|"Bandits" - A Must See Romantic Comedy|
Two's Company, Three's a Crime.
"Bandits" teams two vastly different, though almost equally popular, male stars in a surprisingly hilarious mix of comedy, action, romance, bank robberies, and bad wigs. Macho man Bruce Willis and the talented chameleon Billy Bob Thornton masterfully create two pseudo "bad guys" who capture the hearts of their victims, the general public, and ultimately, the heart of the same woman.
Billy Bob Thornton describes their characters as screwballs of the "Martin and Lewis" variety. That's a fitting description of the harmlessly endearing fugitives who can't seem to catch a break, or leave the life of crime behind. Willis is the "Martin" of the group - the brains and the brawn of the operation - with Thornton playing the sidekick role to the hilt, taking it to an all new level with bizarre phobias and a constant string of questions.
"Bandits" is the story of two partners in crime - lady-killer Joe Blake (Bruce Willis) and the neurotic hypochondriac Terry Collins (Billy Bob Thornton). They bust out of prison - actually Joe does all the busting while Terry just goes along for the ride - and try to make their way down the West Coast, to Mexico. Joe's got a dream of running a resort in Mexico, but in order to finance that dream, they need money - and the only thing they're good at is robbing banks.
The pair gain notoriety as the "Sleepover Bandits," arriving at a bank manager's house in the evening, spending the night, and then accompanying them to the bank first thing in the morning. That way they avoid customers, security guards, and other interruptions - at least that's how it works on paper. Things are going semi-well until Kate (Cate Blanchett) crashes her way into the mix. She's almost as neurotic as Terry, and even more of a ditz. Her husband ignores her, her life is boring and tedious, and she's seeking a way to escape her loveless marriage. Kate finds that escape, as she finds herself attracted to Joe first, and, with much reluctance mixed with a good deal of whining, eventually equally as attracted to Terry.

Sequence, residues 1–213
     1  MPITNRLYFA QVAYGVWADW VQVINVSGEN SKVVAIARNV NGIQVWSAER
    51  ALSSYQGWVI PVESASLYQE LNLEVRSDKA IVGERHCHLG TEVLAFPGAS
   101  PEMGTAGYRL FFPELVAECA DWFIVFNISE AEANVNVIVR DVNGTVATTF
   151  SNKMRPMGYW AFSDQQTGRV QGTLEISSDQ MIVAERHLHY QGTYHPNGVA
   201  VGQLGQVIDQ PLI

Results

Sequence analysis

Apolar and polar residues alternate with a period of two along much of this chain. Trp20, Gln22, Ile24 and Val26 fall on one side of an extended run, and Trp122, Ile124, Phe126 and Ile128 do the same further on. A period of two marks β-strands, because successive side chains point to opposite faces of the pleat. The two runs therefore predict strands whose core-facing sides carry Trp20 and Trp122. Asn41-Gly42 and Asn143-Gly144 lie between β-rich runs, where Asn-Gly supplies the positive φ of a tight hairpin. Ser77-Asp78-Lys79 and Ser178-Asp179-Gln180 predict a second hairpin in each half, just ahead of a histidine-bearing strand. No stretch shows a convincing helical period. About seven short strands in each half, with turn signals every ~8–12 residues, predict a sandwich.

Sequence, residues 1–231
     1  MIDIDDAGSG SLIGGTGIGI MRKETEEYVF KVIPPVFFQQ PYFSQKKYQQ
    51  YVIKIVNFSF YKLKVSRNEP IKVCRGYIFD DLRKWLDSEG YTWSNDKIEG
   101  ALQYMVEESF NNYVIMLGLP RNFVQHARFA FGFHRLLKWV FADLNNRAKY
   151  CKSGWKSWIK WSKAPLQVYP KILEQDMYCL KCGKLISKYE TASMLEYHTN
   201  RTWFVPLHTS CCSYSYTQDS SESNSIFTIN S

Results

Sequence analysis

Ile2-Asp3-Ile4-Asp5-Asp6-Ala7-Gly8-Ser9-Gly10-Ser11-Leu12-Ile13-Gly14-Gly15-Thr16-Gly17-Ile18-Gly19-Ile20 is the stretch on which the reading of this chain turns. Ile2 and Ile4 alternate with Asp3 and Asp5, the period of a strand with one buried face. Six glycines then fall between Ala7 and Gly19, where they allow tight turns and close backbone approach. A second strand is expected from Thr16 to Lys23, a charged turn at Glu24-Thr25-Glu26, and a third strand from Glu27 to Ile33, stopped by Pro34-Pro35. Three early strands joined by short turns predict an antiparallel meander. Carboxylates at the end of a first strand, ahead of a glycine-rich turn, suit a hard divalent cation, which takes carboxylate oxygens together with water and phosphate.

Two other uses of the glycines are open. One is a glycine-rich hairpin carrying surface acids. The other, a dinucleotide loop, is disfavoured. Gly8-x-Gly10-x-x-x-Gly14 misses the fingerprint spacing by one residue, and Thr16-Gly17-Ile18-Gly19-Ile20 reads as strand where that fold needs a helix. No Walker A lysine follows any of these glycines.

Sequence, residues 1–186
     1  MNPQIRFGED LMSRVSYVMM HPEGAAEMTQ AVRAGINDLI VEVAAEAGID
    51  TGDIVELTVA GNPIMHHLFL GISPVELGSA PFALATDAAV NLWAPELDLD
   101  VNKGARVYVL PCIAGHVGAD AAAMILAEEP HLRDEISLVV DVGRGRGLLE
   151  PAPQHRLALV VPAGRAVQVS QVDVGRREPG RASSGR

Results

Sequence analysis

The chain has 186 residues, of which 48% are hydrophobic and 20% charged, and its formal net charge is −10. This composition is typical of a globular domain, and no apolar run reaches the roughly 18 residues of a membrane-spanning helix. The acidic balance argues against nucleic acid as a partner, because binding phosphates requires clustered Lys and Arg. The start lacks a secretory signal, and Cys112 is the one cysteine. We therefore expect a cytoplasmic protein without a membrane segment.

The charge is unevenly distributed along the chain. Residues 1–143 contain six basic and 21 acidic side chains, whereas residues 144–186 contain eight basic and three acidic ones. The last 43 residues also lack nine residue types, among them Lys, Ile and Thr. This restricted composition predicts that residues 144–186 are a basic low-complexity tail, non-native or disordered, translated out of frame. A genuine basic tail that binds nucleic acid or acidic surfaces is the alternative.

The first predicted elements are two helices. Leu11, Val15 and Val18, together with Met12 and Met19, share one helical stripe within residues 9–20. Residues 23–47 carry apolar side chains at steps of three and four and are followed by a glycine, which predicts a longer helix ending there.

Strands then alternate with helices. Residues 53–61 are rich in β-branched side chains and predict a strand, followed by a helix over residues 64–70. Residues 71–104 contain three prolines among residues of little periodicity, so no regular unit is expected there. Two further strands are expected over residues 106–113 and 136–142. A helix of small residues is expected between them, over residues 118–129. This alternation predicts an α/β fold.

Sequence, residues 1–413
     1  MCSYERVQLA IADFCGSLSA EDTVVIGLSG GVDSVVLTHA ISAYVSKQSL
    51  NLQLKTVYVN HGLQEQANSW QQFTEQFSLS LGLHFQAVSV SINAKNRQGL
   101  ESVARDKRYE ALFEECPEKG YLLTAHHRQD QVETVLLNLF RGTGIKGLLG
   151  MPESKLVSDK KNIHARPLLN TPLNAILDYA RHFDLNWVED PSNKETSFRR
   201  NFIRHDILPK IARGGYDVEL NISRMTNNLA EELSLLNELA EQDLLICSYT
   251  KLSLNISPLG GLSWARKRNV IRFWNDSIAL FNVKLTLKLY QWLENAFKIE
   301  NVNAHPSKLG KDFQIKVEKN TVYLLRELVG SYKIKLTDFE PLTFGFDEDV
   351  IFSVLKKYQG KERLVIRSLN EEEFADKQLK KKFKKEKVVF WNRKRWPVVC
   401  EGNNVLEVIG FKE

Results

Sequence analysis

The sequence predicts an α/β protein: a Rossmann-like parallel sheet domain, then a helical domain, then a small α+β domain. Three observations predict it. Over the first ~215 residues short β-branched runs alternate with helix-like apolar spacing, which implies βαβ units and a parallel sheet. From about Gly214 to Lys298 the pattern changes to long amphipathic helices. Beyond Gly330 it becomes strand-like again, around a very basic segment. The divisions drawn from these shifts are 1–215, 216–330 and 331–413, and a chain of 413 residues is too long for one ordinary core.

Director Levinson gives the love triangle plenty of room to grow, and the audience is rewarded with some wildly entertaining scenes between Willis and Thornton as rivals for Cate's affection. "Bandits" also benefits from some superb supporting players including Troy Garity (Jane Fonda's son) as the getaway driver who longs to be a stuntman. His character's a male bimbo, and next to worthless as a getaway driver, but he's also perfectly harmless (these criminals don't seem to have a mean bone in their bodies). Garity's a refreshing addition to the cast of older, established actors, and adds an element of more physical comedy to the group. In addition to looking gorgeous, Cate Blanchett is terrific as the kidnap victim who slowly evolves into an integral member of the bank robbing team.
"Bandits" is refreshing, entertaining, and one of the best film's of the year. Willis, Thornton and Blanchett have created characters the audience can root for - even though they're on the wrong side of the law. "Bandits" is loaded with personality, comic gems, and is sure to leave audiences begging for more.